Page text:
Shell believes that natural gas could form a bigger part of the transport energy mix as a lower-carbon fuel, alongside developments in vehicle efficiency, biofuels, hydrogen and electric mobility. 

What is LNG for transport?

Cooling natural gas to -162° Celsius (-260° Fahrenheit) turns it into a liquid and reduces its volume by 600 times. Liquefied natural gas (LNG) is easy and economical to ship to where it is needed.

Shell is an LNG pioneer with more than 50 years of expertise. We are expanding the use of LNG as a transport fuel for trucks and ships with potential economic and environmental benefits compared to diesel and fuel oil. Other uses include in trains, the mining sector and industrial applications. We are also looking at ways to use LNG more in our own operations.

 LNG bunker-vessel Cardissa at the Gate terminal port in Rotterdam
Cardissa is an LNG bunker-vessel that will refuel boats in Rotterdam and across Europe 

LNG for shipping

In Europe and North America, environmental regulations introduced in 2015 require shipping operators to reduce local emissions. LNG fuel, which is virtually free of sulphur and particulates, can help them meet these requirements.

LNG has the potential to be used by cruisers, ferries, barges and tug boats. It is already used as a fuel for vessels on inland waterways, such as ferries in Norway, where our company Gasnor is a leading supplier of LNG to industrial and marine operators.

In the Gulf of Mexico, Shell has chartered three special LNG-powered offshore supply vessels for its deep-water operations.

To deliver LNG to customers in north-west Europe, Shell built and recently took delivery of Cardissa, a state-of-the-art LNG bunker vessel with capacity to hold around 6,500 m3 of LNG fuel. The vessel will deliver fuel from the Gate terminal in Rotterdam and in locations throughout Europe.

Shell has also finalised a long-term agreement to charter an LNG bunker barge with a capacity to carry 3,000 m3 of LNG fuel. Operating out of Rotterdam, the LNG bunker barge will be able to refuel vessels operating on Europe’s inland waterways. The Gate terminal in Rotterdam will boost the availability of LNG as a marine fuel.

In the USA, Shell has finalised a similar agreement for an LNG bunker barge with a 4,000mfuel capacity. This is the first ocean-going barge of its kind to be based there. It will supply LNG to marine customers along the southern East Coast and support growing cruise-line demand for LNG marine fuel.

A truck getting ready to fuel at shells lng fuelling station

LNG for trucks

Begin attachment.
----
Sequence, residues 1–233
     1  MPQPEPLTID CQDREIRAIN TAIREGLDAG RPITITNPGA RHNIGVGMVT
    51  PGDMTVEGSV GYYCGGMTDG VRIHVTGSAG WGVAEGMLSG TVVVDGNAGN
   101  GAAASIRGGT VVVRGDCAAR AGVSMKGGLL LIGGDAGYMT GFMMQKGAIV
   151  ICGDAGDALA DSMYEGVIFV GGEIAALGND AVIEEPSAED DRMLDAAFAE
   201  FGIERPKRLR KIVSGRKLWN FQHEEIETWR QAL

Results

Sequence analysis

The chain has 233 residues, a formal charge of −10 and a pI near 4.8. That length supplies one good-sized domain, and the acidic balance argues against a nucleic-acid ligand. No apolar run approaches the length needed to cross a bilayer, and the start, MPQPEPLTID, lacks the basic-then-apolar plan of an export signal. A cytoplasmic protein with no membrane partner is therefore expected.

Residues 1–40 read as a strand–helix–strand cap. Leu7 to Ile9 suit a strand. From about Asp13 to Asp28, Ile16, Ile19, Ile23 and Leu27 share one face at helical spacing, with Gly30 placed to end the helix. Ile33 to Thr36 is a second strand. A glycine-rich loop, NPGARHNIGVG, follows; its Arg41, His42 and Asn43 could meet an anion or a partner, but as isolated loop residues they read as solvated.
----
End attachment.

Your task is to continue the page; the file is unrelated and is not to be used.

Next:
Used in trucks delivering goods, LNG has the potential to offer fuel cost savings when compared to conventional diesel. It can also reduce sulphur emissions, particulates and nitrogen oxides, and help reduce greenhouse gas emissions from production to use.

Burning LNG in spark-ignited engines is quieter than burning diesel in combustion engines. It means LNG-fuelled trucks can operate longer under noise restrictions, for example when delivering to supermarkets in residential areas.

Shell has also developed engine oils to meet the specific operating conditions of trucks and buses that run on natural gas. Shell Rimula R5 NG and Shell Rimula R3 NG effectively lubricate and clean the engine by promoting thermal stability and detergency control, keeping engines well-oiled for their best performance.

Together with TravelCentres of America, Shell has focused on developing a network of LNG fuel stations for heavy-duty trucks in the USA. Fuel lanes now operate in Texas, Louisiana and California. We will use learnings from these early sites when opening future lanes.

Since October 2015, Shell has access to import and storage capacity in the Gas Access to Europe Terminal (Gate) at the port of Rotterdam, the Netherlands. This enables us to supply our own LNG to marine and road customers in northwest Europe, as well as LNG fuel for our truck-refuelling network in the Netherlands and Belgium. Shell will also be the first customer at a new “break-bulk” LNG terminal being built by Gate at the port.

In December 2017, RedStar – a joint venture between Shell and Shaanxi Yanchang Group Company – opened an LNG retail station in northwest China. China is the largest LNG for transport market in the world, with more than 200,000 heavy-duty trucks and buses using LNG.

We are also working with OEMs to further develop LNG as a fuel for heavy-duty truck operators.

LNG in our operations

In Europe, we have signed a charter agreement for 15 dual-fuel inland barges to transport mineral oil products in northwest Europe, which will run mainly on LNG. The 110-metre-long barges will feature main engines built by Wärtsilä, running 95-98% on LNG fuel, and using diesel for ignition.

In the USA, we have chartered three LNG-powered offshore supply vessels equipped with dual-fuel Wärtsilä engines to support our drilling operations in the US Gulf of Mexico. The vessels meet the stringent requirements of the ABS “ENVIRO+, Green Passport” notation, making them the most environmentally-friendly offshore supply vessels in the region. 

On shore, we are using LNG to power more of our drilling rigs.

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